We all know honeybees produce this wonderful sweet treat that everyone loves, honey. But how in the world do they make it?
Nectar is first extracted from flowers by foragers, or scout bees, (the oldest of the worker bees). They suck the nectar up through a long straw like tongue and into a second stomach named the crop, where enzymes are added to the nectar. These enzymes transform the pH as well as the chemical composition of the nectar, making it more favorable for consumption and long-term storage.
A scout bee can collect as much as half its body weight in nectar volume from as many as 400 flowers before returning to the hive! That is like me carrying 60 pounds while running for miles, impossible! That is impressive strength and endurance!
Once the scout bee returns to the hive, she regurgitates the nectar from the crop into the mouth of her younger sister, a house bee, who then spits it into a honeycomb. Once the entire volume has been transferred to the comb, a group of house bees gather around the nectar filled comb and begin fanning the liquid with rapid beats of their wings. This combined effort leads to evaporation of water from the nectar, which begins with an 80% water content, and ends at a 13-18% water ratio. Evaporation from 80% to 13%, by flapping their wings, wow!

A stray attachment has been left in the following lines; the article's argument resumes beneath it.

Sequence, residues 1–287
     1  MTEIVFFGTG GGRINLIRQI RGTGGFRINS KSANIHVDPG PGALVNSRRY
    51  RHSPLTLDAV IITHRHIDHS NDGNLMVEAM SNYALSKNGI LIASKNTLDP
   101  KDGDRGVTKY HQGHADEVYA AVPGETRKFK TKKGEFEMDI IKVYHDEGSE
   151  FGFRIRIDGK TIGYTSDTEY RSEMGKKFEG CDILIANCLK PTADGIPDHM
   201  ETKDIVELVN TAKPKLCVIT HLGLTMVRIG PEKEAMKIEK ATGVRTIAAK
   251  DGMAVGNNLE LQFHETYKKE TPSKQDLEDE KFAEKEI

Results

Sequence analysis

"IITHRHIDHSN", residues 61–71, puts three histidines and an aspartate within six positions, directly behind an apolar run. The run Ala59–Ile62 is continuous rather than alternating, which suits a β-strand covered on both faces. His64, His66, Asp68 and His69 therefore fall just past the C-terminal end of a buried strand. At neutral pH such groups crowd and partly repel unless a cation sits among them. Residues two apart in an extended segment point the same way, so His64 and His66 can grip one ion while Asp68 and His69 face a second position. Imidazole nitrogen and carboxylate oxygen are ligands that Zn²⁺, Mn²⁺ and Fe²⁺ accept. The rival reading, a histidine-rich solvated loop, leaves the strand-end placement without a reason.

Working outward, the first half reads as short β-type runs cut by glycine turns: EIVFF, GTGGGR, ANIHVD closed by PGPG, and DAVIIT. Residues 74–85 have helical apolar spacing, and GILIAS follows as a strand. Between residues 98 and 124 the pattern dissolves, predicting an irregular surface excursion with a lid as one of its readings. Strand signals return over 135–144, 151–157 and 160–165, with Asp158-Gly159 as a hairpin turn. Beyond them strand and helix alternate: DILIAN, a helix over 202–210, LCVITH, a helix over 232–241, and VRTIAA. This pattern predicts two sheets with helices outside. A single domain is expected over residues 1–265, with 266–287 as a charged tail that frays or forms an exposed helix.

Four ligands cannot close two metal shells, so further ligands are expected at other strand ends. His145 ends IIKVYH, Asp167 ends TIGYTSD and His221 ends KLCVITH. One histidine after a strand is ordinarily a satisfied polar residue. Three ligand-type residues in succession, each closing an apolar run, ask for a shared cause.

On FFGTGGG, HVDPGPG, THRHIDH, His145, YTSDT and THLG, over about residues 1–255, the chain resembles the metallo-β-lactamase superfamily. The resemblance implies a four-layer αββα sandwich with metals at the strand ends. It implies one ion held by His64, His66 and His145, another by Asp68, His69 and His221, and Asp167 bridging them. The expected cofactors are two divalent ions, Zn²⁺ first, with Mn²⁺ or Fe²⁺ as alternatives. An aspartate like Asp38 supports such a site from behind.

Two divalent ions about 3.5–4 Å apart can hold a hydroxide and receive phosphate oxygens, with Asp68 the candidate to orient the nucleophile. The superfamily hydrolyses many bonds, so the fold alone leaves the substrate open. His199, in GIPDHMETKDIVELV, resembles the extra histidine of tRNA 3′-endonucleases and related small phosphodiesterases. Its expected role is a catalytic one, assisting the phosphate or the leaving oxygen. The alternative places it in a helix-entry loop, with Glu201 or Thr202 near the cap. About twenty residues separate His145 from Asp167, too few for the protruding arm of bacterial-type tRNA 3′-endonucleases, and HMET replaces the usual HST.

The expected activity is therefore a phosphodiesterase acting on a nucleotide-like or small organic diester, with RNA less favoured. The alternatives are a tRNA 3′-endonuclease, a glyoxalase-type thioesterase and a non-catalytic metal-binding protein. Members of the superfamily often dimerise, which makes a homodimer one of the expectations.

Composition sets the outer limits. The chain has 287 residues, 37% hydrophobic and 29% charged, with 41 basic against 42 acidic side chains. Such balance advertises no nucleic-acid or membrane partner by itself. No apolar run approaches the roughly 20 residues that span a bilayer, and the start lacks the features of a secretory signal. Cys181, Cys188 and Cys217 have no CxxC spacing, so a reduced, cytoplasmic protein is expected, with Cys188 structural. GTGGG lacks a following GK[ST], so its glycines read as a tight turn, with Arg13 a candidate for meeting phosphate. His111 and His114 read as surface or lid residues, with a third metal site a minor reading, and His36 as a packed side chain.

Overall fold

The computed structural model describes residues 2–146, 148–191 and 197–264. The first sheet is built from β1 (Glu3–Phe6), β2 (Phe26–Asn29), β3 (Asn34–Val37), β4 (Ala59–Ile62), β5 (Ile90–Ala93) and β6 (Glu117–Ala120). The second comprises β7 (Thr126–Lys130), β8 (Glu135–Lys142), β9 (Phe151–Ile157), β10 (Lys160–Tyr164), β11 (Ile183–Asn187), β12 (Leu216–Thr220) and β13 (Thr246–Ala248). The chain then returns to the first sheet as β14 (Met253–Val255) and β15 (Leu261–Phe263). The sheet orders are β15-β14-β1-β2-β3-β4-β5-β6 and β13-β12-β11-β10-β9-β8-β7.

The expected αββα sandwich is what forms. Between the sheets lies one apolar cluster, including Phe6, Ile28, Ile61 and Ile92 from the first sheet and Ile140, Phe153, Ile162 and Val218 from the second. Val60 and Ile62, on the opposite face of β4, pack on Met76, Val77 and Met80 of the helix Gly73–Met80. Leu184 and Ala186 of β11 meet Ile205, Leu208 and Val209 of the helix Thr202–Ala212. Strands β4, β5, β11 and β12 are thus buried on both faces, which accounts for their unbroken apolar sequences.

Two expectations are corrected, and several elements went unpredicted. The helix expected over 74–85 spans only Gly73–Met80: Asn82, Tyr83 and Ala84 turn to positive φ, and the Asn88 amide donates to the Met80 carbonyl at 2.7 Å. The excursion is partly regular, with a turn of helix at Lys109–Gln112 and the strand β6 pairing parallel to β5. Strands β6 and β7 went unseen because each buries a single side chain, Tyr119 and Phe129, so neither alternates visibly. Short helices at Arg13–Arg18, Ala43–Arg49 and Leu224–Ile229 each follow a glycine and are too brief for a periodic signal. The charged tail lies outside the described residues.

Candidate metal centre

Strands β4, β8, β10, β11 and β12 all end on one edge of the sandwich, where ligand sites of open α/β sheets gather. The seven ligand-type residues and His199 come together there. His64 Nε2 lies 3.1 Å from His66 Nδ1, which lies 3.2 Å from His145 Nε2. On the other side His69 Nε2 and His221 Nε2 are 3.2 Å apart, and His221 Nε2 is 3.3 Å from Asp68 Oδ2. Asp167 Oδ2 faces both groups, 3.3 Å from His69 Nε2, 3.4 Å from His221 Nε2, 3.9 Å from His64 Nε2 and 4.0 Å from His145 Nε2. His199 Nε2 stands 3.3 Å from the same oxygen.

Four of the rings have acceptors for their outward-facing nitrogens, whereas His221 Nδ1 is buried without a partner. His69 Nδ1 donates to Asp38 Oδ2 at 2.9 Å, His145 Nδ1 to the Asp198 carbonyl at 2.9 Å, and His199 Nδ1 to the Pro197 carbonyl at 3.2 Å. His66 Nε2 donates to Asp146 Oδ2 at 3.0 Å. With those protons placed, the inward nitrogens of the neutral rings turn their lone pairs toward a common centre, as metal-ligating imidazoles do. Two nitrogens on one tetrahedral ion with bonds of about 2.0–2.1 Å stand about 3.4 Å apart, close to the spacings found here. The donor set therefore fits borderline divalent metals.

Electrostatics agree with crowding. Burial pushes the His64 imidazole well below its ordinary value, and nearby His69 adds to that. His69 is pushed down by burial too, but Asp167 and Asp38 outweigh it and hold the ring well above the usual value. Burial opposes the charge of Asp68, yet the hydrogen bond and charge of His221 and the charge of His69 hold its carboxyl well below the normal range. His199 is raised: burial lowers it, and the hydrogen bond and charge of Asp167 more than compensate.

The honeycomb is then covered with a waxy cap to keep it at a low water containing composition. This process is absolutely necessary to preserve the honey and protect it from fermentation or spoilage. Honey is purposed to feed the colony in times of nectar draughts, times when blooms are sparse or unavailable, as is the case during the winter months.
One bee can only produce a fraction of a teaspoon of honey in a lifetime, whereas a colony of thousands can produce upwards of 70 pounds of honey annually! So when you reach for a bottle of honey at the grocery store, take pause, for that really is liquid gold, and it is so accessible to us despite what it takes to make it!
Honeybees are the definition of a team. Maybe we could take a life lesson from this. More can be accomplished with many hands working as a team toward a common goal. “All for one and one for all!”
Without bees we wouldn’t have honey; let’s take care of our buzzing friends!
Thank you for joining this very important movement to save our bees.